Ever wonder how your carriers come up with their lane pricing? Here’s a quick primer on some of the key factors that go into these decisions.
Also referred to as a “freight lane,” a carrier lane is simply a route that’s routinely served by a specific carrier. By establishing lanes to operate in, carriers, independent operators, and large trucking operations can run more efficiently and effectively (versus trying to serve “everyone everywhere”).
Many less-than-truckload (LTL) carriers operate within a fixed region of the country where they have established lanes, while national LTL carriers operate both within defined regions and via long-haul lanes that carry freight through those regions. Finally, independent operators manage both full and partial truckloads within their established lanes.
5 Points to Remember
Here are five determining factors that carriers use when developing their lane pricing:
- Current freight volume. Much like any industry that fluctuates according to supply and demand, freight usually costs more to move when everyone is vying for space on trucks. When that demand wanes, lane pricing usually retreats along with it. “Rates are elevated right now and the supply-demand dynamic suggests they will remain so for some time,” Freightwaves “Carriers are rejecting loads at a high rate and volumes are flowing at historic levels. Carriers have options and they are exercising them in search of margins.”
- Fuel costs. As fuel prices go up, carriers typically adjust their costs to offset their own increased cost in this realm. When fuel costs go down, the savings are often passed along to the shipper via a fuel cost component that carriers build into their own pricing models. These fluctuations can directly impact carrier lane pricing.
- Head-hauls, backhauls, and deadhead miles. When truck drivers are competing to reduce empty miles, rates will be lower. When shippers are competing to find capacity, rates will be higher. Key factors that carriers look at include the chances of getting reloaded after delivery; and the load-to-truck ratio at the pickup and delivery locations. They also factor in deadhead miles or the number of “empty” miles that have to be driven between pickup and delivery locations (for the next load).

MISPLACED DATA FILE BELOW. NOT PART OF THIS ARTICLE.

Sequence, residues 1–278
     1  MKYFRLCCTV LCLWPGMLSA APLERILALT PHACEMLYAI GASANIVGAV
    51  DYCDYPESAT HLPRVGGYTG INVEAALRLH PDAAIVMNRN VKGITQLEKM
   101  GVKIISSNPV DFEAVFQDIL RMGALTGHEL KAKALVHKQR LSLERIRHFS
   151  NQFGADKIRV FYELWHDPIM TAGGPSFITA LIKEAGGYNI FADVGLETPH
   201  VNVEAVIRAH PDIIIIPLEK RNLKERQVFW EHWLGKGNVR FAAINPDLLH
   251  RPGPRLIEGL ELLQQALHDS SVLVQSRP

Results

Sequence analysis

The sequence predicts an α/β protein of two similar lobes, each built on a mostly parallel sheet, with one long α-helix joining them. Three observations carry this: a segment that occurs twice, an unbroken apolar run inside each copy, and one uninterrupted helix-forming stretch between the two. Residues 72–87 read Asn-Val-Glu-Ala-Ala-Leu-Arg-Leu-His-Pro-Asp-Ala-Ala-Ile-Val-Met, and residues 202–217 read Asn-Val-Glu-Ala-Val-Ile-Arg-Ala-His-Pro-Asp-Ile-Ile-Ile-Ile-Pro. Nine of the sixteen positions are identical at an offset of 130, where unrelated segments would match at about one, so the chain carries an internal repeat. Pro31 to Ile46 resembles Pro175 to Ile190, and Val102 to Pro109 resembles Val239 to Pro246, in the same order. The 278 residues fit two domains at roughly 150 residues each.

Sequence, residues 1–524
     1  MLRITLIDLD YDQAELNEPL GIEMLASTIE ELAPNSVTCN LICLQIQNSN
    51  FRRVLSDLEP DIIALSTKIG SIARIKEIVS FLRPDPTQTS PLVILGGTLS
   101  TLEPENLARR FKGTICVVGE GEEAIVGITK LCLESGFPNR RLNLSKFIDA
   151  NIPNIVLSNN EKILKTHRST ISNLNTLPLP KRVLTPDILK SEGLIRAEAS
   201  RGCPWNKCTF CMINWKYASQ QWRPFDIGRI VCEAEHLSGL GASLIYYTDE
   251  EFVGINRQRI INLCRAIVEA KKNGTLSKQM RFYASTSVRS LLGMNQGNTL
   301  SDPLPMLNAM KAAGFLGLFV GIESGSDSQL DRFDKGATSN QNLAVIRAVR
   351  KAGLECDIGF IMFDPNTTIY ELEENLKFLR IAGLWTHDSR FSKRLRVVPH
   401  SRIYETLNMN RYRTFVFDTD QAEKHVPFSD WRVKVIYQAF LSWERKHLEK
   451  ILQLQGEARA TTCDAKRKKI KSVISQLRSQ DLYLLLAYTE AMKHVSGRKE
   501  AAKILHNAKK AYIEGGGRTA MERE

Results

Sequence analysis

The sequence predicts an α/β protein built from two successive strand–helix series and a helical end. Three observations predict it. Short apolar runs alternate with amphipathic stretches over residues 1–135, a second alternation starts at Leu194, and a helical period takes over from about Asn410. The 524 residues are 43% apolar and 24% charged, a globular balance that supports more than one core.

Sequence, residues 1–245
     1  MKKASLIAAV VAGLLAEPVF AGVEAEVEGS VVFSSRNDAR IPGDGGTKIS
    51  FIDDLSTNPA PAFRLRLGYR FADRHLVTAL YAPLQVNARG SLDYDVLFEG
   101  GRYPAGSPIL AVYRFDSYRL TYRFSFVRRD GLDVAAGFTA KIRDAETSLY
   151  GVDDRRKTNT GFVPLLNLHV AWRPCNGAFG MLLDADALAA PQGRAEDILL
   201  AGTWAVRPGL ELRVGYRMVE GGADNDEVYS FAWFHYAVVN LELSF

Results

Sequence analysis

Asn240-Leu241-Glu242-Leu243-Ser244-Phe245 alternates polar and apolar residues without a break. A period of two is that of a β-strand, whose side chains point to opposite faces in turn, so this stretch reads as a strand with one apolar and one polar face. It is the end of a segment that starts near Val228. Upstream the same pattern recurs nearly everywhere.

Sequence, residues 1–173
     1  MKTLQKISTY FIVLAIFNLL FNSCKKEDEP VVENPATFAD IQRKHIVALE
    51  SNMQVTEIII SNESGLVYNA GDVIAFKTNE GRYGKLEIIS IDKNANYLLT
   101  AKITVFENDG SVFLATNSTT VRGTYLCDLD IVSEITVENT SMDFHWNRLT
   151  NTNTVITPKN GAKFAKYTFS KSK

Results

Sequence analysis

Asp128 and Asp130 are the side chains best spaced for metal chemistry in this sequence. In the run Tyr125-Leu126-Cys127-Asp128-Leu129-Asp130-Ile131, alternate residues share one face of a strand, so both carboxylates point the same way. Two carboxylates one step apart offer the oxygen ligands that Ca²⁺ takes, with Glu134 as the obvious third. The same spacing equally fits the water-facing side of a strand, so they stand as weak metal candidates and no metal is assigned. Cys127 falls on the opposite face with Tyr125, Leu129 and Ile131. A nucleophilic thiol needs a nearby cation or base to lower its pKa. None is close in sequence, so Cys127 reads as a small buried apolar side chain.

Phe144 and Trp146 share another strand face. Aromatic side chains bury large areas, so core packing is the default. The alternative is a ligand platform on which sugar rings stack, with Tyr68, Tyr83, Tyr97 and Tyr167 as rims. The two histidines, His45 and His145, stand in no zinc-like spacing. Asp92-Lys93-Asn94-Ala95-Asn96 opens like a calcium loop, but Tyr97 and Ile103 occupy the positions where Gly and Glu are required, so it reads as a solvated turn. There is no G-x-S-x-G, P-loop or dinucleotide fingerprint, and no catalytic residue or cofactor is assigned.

- Driver pay and labor availability. These two go hand-in-hand: when there are ample drivers to choose from, and when those drivers aren’t commanding higher wages, carrier lane pricing tends to remain steady. However, when driver shortages begin to drive up wages, those increases are usually reflected in higher transportation costs for shippers. Coming off a year when labor availability was an issue for most organizations—and then moving right into the 2020 pandemic (which took a different toll on workforce availability)—this point remains a major hurdle for carriers and trucking companies.
- Government regulations. Hours of service (HOS) rules, the electronic logging device (ELD) mandate, and other government regulations can all directly impact carrier lane pricing. For example, the HOS rules—which have since been integrated into carriers’ business models—had an initial impact by reducing the number of hours that a driver could be behind the wheel before stopping for a break. That meant no more waiting out in the yard for two hours for a dock door to open up (during which time the driver’s hours could run out). By deploying digital yard management systems (YMS) like PINC, companies have been able to eliminate these detention issues and keep drivers safe and operating (and subsequently, transportation costs affordable).
Keep these points in mind as you plan out your next load, knowing that most of the issues can be worked around if you attack them well in advance (versus waiting until it’s too late to do anything about it). Talk to your carriers about your options and use your YMS and transportation management system (TMS) to come up with a plan to provides the best value at the right price.